[TW: One of the studies cited as important by the two Federalist Society academics Baude and Paulsen is “Amnesty and Section Three of the Fourteenth Amendment”, by Gerard N. Magliocca (Constitutional Commentary, University of Minnesota Law School, Spring 2021), Magliocca quotes the Joint Committee on Reconstruction after the Civil War for citing this reason for Section Three:
“Slavery, by building up a ruling and dominant class, had produced a spirit of oligarchy adverse to republican institutions, which finally inaugurated civil war. The tendency of continuing the domination of such a class, by leaving it in the exclusive possession of political power, would be to encourage the same spirit, and lead to a similar result.
Now note that the Confederates had “exclusive possession of political power” in only some of the recently defeated Confederate states, not in the entire nation. So, the northern Congressmen and Senators were clearly intent on eliminating, or at least blocking, the political power of former Confederate factions in specific states. Which raises the question, does the Congress have the power to intervene politically in the internal affairs of a state of the Union? Magliocca addresses this directly on pages 98-99. After the state of Georgia had been readmitted to the Union,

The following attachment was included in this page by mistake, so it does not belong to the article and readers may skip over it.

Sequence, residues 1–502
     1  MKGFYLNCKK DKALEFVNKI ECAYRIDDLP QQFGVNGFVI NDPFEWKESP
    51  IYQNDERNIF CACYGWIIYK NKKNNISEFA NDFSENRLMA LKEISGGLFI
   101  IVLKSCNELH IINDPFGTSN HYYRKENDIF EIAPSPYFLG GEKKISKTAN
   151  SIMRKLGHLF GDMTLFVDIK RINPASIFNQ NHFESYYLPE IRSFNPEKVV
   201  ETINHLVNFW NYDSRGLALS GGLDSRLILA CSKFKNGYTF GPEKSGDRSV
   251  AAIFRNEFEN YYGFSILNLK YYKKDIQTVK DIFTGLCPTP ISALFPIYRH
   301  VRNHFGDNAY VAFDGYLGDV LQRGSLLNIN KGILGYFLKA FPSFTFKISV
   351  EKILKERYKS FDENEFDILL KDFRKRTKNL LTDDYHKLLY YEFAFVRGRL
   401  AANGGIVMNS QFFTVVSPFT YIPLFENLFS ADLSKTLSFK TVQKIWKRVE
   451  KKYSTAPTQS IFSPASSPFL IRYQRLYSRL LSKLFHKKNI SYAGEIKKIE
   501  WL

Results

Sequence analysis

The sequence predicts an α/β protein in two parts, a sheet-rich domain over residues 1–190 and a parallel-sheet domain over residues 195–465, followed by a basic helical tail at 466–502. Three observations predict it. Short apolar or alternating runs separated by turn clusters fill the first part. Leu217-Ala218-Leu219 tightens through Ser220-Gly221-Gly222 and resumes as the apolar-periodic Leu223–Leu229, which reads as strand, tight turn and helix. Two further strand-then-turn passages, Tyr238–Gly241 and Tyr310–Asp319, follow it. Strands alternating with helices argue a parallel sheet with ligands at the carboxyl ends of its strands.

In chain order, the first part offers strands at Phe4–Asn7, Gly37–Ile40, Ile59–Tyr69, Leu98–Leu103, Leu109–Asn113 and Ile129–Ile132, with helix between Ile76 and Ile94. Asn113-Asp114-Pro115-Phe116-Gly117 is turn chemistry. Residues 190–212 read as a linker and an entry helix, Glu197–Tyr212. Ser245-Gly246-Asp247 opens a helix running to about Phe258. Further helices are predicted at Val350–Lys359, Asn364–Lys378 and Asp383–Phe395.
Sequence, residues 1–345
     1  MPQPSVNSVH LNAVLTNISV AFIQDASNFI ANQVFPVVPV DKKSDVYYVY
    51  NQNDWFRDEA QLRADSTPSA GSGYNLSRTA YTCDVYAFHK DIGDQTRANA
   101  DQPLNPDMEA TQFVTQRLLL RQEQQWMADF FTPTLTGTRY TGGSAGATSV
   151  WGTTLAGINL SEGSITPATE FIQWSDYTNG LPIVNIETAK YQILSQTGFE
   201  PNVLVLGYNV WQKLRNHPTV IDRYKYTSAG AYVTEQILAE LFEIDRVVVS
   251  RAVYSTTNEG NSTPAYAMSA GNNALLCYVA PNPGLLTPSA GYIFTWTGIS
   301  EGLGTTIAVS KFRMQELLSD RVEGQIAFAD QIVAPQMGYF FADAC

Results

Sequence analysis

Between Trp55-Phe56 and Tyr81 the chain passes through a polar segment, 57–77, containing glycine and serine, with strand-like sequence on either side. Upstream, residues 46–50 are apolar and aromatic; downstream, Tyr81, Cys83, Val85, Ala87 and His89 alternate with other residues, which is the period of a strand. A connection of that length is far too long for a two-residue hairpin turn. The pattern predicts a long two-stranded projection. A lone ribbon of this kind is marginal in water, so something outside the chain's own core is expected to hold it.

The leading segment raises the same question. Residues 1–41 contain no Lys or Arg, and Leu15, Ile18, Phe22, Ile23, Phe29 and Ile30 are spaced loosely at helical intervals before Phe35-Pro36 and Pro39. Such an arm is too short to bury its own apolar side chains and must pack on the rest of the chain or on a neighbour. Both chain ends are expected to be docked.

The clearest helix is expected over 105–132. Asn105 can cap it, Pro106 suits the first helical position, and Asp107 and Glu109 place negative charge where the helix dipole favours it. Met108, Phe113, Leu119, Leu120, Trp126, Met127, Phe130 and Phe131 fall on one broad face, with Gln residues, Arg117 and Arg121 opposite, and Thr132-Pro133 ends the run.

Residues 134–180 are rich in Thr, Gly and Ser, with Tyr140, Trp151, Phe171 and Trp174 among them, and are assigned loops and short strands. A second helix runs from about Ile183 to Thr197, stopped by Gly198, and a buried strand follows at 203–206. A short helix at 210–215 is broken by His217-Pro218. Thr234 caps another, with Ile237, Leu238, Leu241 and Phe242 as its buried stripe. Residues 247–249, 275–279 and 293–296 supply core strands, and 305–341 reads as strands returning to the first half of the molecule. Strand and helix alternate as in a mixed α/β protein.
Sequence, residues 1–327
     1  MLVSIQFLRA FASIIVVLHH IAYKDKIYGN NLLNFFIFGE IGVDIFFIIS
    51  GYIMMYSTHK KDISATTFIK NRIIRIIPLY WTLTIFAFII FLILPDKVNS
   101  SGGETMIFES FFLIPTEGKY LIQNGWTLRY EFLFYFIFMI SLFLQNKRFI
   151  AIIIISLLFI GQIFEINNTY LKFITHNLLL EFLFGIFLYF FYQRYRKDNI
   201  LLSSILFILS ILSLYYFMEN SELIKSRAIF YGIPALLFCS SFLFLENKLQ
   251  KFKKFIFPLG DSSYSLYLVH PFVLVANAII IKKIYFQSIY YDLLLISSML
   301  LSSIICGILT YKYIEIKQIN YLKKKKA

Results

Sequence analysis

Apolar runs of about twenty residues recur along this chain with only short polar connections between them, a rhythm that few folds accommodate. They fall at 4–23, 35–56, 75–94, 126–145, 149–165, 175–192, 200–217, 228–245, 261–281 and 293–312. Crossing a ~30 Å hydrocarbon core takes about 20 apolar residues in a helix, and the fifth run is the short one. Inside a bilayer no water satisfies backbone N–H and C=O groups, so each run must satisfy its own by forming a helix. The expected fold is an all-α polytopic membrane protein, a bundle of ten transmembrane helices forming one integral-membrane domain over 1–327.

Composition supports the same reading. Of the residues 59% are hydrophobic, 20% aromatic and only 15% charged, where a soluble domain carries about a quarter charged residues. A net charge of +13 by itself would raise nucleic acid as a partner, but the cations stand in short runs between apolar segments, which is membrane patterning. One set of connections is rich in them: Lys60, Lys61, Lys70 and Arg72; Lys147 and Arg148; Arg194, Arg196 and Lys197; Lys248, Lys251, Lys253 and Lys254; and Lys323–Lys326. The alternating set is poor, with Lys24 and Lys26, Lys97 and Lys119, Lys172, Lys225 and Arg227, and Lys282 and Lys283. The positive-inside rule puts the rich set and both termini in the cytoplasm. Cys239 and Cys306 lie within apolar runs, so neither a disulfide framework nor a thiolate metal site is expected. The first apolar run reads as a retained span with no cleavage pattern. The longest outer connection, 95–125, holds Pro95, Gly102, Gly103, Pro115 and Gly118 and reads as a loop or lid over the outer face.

…in 1869 Georgia was kicked out of Congress for expelling all of its Black legislators and not its white legislators who were ineligible under Section Three. President Grant asked Congress to take action to enforce “the third clause of the fourteenth amendment.” Congress then directed the Governor to summon the state legislature into special session and require all members to swear that they were eligible or were “relieved, by an act of the Congress of the United States, from disability as provided for by section three of the fourteenth amendment to the Constitution of the United States.” Through Section Three, therefore, Congress and the Executive Branch were now deeply involved in internal state politics.